Sweden is in the grip of its chilliest, rainiest summer in centuries, and shortly after my arrival in late-May I began pining for Mediterranean heat, sun-baked terraces, and humid evenings laced with ice cream and strapless dresses.
So in July I fled south to Gavorrano, Italy.
Never heard of it, have you?
Neither had I, which I immediately took as a good sign.
Straddling a steep hillside in southern Tuscany’s Maremma about 25 miles northwest of Grosseto, the medieval mining village is free of grand hotels, “menus turisticos,” chain stores, and gourmet gelaterias (basic, perfectly tasty gelato is available at the local bar). When the midday sun is at its hottest the main square and nearby roads empty out; the sounds of voices and footsteps replaced with the buzz of cicadas and the mistral wind barreling over the hills.
It was as middle of nowhere as you could get for Tuscany in July, thrillingly devoid of the summer tourist crush, and with the bonus of the exciting (and alarming) possibility of running into a pack of wild boar after dusk.
Abandoned cabin in winter, Lake Tahoe. © Erin Zaleski 2012
Lake Tahoe has been struggling through one of its driest winters in history, so when the forecast predicted snow on Tuesday, I dashed up to the ski house late Monday night.
On Tuesday I awoke to the winter wonderland I have been craving since December, and by Wednesday I was hitting the slopes at Northstar. Alas, the winter interlude was fleeting. By the end of the week the temperature had increased to a balmy 60f, the snow was melting fast, and hungry bears were roaming the region in search of food.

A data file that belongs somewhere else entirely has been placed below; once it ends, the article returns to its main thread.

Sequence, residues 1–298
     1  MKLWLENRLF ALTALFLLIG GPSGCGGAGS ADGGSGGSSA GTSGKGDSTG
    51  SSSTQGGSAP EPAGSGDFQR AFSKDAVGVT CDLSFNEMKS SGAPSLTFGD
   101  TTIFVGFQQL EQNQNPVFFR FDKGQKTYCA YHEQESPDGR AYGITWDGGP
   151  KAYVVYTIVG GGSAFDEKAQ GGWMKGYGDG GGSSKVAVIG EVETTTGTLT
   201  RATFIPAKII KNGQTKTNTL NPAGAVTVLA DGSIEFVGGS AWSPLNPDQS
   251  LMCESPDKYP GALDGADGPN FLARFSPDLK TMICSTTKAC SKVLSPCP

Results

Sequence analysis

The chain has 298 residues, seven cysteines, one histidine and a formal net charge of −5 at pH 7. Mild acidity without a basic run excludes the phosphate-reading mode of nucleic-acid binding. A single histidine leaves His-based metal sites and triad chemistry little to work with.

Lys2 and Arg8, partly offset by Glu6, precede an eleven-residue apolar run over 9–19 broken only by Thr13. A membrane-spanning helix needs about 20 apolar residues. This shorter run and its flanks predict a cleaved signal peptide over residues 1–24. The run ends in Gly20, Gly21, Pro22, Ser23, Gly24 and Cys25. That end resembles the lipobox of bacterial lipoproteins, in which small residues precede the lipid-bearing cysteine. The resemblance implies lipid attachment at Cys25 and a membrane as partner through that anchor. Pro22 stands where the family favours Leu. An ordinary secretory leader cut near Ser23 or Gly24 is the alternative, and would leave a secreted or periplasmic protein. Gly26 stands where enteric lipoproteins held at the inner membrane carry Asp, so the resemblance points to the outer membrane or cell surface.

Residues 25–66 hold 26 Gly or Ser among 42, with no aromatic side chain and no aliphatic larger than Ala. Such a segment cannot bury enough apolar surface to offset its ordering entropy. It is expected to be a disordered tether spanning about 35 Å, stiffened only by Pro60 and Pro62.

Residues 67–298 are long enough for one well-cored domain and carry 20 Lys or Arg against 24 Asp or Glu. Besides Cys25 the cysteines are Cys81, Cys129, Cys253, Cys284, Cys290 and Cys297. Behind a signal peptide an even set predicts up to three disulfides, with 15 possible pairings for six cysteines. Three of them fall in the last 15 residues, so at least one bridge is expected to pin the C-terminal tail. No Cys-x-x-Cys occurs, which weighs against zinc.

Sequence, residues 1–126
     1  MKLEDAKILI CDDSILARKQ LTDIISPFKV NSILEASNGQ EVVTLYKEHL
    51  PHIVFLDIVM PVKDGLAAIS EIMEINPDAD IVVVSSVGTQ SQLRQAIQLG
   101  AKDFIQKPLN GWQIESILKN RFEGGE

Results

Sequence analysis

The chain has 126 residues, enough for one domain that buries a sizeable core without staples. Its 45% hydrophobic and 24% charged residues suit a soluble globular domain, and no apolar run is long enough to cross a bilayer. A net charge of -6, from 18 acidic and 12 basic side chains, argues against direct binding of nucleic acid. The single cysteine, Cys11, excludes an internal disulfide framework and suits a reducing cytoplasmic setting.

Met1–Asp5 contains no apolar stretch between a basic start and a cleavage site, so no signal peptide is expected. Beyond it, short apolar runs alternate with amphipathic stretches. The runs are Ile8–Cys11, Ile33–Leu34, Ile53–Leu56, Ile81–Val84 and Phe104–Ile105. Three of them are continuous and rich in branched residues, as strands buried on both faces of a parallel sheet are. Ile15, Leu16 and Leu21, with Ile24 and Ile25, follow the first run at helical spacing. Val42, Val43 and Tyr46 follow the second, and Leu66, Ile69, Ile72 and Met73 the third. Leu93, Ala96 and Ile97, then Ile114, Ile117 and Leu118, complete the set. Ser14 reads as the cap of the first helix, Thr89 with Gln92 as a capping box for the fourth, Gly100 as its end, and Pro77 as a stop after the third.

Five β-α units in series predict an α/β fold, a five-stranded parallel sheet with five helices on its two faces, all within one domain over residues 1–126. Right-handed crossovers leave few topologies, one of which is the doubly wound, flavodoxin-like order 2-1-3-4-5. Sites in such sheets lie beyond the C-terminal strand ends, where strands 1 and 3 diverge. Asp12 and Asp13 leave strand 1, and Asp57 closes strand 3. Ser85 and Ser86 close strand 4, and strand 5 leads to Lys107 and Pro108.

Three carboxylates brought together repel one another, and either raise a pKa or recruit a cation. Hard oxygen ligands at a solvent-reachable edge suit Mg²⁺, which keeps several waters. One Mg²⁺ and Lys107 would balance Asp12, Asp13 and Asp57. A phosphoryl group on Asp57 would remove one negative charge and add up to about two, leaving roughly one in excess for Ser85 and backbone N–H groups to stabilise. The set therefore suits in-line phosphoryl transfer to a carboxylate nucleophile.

I snapped this photo off Highway 267 on the way to the Northstar resort. The lonely cabin appears as fragile as this season’s winter.
Beryl Markham deplaning in Kenya.
Is an interesting, itinerant life incompatible with domesticity?
A year ago I would have said yes without thinking twice about it. And I needed only look to the trailblazers of yore to reinforce my point. Foreign correspondent (and one-time Mrs. Hemingway) Martha Gellhorn died alone and childless. British adventurer Freya Stark never married. Pioneering pilot Beryl Markham divorced three times. Hardly paragons of domesticity, and I can’t blame them. Their lives were too dynamic, their spirits too free to be confined by the rhythm and routine that accompany long-term relationships or child rearing.
While I am not in the same league as these ladies (who also came of age in a vastly different time) my own views on wanderlust versus settling down boiled down to two choices: Either a stale, stable suburban existence complete with marriage, babies and annual family vacations, or a life untethered. Considering that the idea of a life comprising diapers, station wagons and PTA meetings is about as appealing as eating an entire plate of cilantro and then gauging my eye out with a fork, the choice was an obvious one.
Sunrise over Rome from the window of my hotel. © 2011 Erin Zaleski
Incline Village, NV
Lake Tahoe, CA
NYC, New York
San Francisco, CA
Santa Barbara, CA
Västervik , Sweden
Looking forward to even more adventures in 2012 and wishing my fellow peripatetic/wanderlusty/kindred souls the same.
Sunset in the afternoon. © 2011 Erin Zaleski
First impressions of a late-November in Stockholm in 100 words:
Awaking in darkness. Large black birds with white wing tips dart from tree to tree just beyond the terrace, and by 3:00 daylight is already draining from the sky again. Stockholmers are beautiful—the women are slender with maliciously poreless skin and uptilted fairy-eyes. They flounce down the streets in tight jeans and tall boots and shiny jackets like haughty dolls. Lanterns flicker outside the entrances of shops and restaurants in the afternoon, and cheesy, American holiday music filters out of taxis past midnight. A French grocer in Vasastan. Muesli with filmjölk in the morning, and procecco with jazz after dark.